I don't know if students forget those papers exist, or anxiety themselves into over analyzing every single word until it no longer computes.
posted by AlexiaSky at 5:14 PM on March 10


SpacemanStix said it better in both of his comments than I ever could. Yes, be empathetic, and suggest either the writing/tutoring center, or that he email you a specific draft or a specific question. Anything you don't like just respond "This is too broad for me to address in one email. Please work on [specific thing] and get back to me if you need help." Any more help than that, especially if it is needed due to his slacking, is beyond you, and this is FINE and NOT being "mean" or "unhelpful".

My SO, who is also a professor, likes to say, "You can't make corn grow by standing over it and pulling at the stalks." I like to keep that in mind when I have to deal with my own undergraduates.
posted by chainsofreedom at 5:15 PM on March 10 [3 favorites]


The kid's panicking and is probably under-confident and under-equipped - sounds just lost. (Even if he's "lazy", he's lost.) He probably thinks he's being proactive by emailing you. Other issues may be going on.

Definitely point him to the writing centre and other learning skills resources.

It would be a kindness if you also 1) told him what grade he would need to achieve on this paper and remaining work to obtain a passing grade in the course, and 2) offered an estimate of how many hours per week this might take a student who has not had the hiccups he seems to have had and 3) gave him a link to information from the registrar's office around the drop date (and academic and financial penalties). This is maybe above and beyond but he'll probably screw himself otherwise. eg:

"I am glad you have been communicating with me and seeking support. However, I think you may need more individualized help than I am able to offer. I would strongly suggest you seek assistance in approaching this assignment at the Writing Centre, which can be found on x web page. They can offer help with understanding and approaching the assignment [also - if you have a rubric, attach it so expectations are clear]. Staff there are very good at helping students on a one-to-one basis.

You should know that in order to achieve a passing grade (C) in this class, you will need to obtain a x on this paper. This ordinarily takes x hours per week; it may take some students take a bit more than that.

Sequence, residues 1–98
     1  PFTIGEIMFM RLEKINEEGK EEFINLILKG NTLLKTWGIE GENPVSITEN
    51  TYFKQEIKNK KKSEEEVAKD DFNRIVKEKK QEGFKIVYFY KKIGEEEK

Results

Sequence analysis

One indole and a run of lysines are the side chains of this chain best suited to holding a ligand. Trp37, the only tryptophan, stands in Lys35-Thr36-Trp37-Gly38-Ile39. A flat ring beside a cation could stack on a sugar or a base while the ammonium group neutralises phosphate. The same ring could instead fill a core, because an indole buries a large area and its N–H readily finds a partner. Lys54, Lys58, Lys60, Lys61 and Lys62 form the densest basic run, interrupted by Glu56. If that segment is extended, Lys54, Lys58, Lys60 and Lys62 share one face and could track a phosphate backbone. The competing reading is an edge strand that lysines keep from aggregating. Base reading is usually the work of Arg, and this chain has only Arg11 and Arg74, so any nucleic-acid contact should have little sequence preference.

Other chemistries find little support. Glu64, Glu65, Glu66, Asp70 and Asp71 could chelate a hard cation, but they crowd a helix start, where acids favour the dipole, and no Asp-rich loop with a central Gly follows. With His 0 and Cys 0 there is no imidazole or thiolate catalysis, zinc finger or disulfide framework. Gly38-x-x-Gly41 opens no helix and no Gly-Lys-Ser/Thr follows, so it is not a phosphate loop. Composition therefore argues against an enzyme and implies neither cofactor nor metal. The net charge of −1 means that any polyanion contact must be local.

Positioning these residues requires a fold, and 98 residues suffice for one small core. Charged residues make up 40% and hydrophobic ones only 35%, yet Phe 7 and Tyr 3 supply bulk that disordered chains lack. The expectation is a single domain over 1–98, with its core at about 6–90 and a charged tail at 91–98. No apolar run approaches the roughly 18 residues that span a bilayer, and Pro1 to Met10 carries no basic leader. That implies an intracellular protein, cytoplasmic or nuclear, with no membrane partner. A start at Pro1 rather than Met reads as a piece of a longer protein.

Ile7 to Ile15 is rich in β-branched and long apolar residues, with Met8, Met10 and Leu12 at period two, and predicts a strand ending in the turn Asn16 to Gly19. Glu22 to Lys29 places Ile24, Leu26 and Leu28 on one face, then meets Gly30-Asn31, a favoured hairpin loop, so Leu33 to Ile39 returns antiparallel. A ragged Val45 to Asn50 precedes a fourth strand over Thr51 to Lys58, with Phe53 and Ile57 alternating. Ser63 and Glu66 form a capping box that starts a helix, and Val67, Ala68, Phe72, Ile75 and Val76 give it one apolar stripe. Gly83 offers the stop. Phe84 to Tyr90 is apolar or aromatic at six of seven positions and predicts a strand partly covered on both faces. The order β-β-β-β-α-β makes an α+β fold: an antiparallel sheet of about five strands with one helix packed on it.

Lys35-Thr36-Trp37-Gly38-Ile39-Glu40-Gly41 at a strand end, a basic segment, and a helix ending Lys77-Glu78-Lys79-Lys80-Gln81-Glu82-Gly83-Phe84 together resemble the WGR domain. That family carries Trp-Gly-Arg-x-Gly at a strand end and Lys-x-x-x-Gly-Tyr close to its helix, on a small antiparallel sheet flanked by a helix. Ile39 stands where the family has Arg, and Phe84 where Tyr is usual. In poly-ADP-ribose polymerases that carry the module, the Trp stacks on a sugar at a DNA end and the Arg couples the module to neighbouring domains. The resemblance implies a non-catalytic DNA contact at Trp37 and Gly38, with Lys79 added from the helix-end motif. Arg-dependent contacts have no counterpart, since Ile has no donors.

If it looks like this time commitment would be a problem, it might be worth considering taking the section next year and dropping the class. If you chose to do so, this would not be held against you. However, if you do not communicate this intention to the Registrar's Office by the drop deadline, you may experience penalties - please see ____ for drop dates and a description of penalties. These could include an F on your permanent transcript. So if you do opt to drop, it is in your interest to stay in communication with the Registrar's Office and to submit your [whatever, petition] before the deadline.

If there are nonacademic issues affecting your participation in the course, you should let me know, and may also want to seek the support of Counselling Services at _________ . They may also be able to advise you on next steps.

If you feel you would like to proceed with the course, I again urge you to make use of the Writing Centre. They are best placed to help you at this point. They are also very nice people, so you should not worry about making use of their assistance.

Best of luck,

Prof"
posted by cotton dress sock at 5:46 PM on March 10 [8 favorites]


derp. if you do send something like that, obviously cut out the repetition - rushing, sorry.
posted by cotton dress sock at 5:56 PM on March 10


4th Ruthless Bunny